Proteomic and immunological characterization of a new food allergen from hazelnut (Corylus avellana).  
Nitride C, Mamone G, Picariello G, Mills C, Nocerino R, Canani RB, Ferranti P.
Miscellaneous 592 2013 May 9.

Abstract

Index
Allergy and Intolerance Abstracts
Patients with oral allergic syndrome to apple have intense proliferative response to Bet v 1.
Patients with pollen allergy may frequently present an additional food-related allergy (Oral Allergic Syndrome, OAS), as consequence of cross-reactivity between pollen allergens (mainly birch, hazelnut, alder, mugwort) and vegetable allergens. This study evaluated the effect on Bet v 1-induced T cell proliferation exerted by the presence of OAS in birch patients. All 14 allergic patients evaluated were monosensitized to birch and suffered from allergic rhinitis: 4 had also OAS to apple. Proliferation of peripheral mononuclear cells was evaluated using Bet v 1 and non-specific stimuli. OAS had higher proliferation than non-OAS patients. In addition, there were significant relationships between immunological and clinical parameters in OAS patients. This study evidences that OAS characterizes a more severe form of birch allergy: as OAS patients had higher SI, circulating eosinophils, and IgE levels. Thus, this study confirms the previous report and underlines the relevance of measuring recombinant birch allergen as higher values may suggest a reliable prediction of OAS. (Ciprandi 2012 ref.28928 5)

Patients with oral allergic syndrome to apple have intense proliferative response to Bet v 1.  
Ciprandi G, Fenoglio G, Kalli F, De Amici M, Leonardi S, Miraglia Del Giudice M, Salpietro C, La Rosa M, Caimmi S, Marseglia GL.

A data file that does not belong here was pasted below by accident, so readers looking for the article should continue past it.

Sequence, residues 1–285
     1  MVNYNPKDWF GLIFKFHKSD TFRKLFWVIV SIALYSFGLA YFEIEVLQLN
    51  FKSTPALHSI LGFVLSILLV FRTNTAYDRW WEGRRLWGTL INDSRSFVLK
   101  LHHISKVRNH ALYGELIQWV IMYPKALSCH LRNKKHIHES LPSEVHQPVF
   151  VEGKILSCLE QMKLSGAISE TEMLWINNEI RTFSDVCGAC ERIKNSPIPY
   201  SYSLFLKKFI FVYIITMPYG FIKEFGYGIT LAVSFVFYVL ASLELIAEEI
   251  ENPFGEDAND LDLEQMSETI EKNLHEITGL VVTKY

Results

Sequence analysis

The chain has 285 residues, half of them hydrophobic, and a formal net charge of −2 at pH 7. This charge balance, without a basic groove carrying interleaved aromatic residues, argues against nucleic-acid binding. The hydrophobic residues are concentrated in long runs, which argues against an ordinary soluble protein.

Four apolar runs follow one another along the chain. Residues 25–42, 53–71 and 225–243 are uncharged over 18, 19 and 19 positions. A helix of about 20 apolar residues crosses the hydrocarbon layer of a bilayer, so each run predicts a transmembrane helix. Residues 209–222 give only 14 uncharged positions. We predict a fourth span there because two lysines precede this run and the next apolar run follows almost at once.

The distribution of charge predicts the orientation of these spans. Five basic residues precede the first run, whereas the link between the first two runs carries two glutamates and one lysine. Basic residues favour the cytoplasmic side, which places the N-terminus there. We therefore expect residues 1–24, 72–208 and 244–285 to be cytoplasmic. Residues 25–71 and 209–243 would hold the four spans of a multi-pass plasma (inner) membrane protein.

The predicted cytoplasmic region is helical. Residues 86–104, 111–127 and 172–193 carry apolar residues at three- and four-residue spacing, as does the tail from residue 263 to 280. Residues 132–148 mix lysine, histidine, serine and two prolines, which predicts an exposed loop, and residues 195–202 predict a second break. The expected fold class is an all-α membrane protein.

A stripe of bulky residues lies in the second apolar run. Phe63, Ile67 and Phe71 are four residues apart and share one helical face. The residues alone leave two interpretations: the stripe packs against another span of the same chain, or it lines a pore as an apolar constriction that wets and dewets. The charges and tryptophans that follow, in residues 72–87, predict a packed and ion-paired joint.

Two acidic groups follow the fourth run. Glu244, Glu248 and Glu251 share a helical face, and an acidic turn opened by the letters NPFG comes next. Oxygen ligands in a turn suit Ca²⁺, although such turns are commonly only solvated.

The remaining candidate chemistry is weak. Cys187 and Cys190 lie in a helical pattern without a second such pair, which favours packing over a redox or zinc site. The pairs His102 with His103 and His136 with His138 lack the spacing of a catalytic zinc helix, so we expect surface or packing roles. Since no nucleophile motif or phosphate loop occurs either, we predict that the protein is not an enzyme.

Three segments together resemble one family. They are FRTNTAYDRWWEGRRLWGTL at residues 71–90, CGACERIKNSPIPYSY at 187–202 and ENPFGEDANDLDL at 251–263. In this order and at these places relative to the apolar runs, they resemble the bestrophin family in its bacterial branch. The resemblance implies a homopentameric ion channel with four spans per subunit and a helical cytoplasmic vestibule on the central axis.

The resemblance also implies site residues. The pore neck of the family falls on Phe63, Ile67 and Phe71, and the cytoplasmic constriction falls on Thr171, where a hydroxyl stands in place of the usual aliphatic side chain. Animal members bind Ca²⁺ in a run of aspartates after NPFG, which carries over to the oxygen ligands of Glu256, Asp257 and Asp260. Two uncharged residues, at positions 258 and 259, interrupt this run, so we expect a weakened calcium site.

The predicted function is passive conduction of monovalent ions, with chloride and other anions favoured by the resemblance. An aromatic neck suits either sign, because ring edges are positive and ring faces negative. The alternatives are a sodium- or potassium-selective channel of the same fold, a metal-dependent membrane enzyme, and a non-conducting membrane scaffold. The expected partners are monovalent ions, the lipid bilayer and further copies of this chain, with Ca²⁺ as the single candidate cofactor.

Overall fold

Miscellaneous 592 2012 Jan-Mar;26(1 Suppl):S113-7.

Abstract

Index

Allergen-, Food allergy-, Intolerance-related articles

Levels and predictors of urinary nickel concentrations of children in Germany: results from the German Environmental Survey on children (GerES IV).  
Wilhelm M, Wittsiepe J, Seiwert M, Hünken A, Becker K, Conrad A, Schulz C, Kolossa-Gehring M.
Int J Hyg Environ Health 2013 Mar;216(2):163-9.
Abstract

Identification of novel allergenic components from German cockroach fecal extract by a proteomic approach.  
Jeong KY, Kim CR, Park J, Han IS, Park JW, Yong TS.
Int Arch Allergy Immunol 2013 May 14;161(4):315-324
Click to view abstract

Role of staphylococcal superantigens in airway disease.  
Huvenne W, Hellings PW, Bachert C.
Int Arch Allergy Immunol 2013 May 14;161(4):304-314
Click to view abstract

Every cockroach is beautiful to its mother.  
Arruda LK, Pomes A.
Int Arch Allergy Immunol 2013 May 14;161(4):289-292

Clinical routine utility of basophil activation testing for diagnosis of hymenoptera-allergic patients with emphasis on individuals with negative venom-specific IgE antibodies.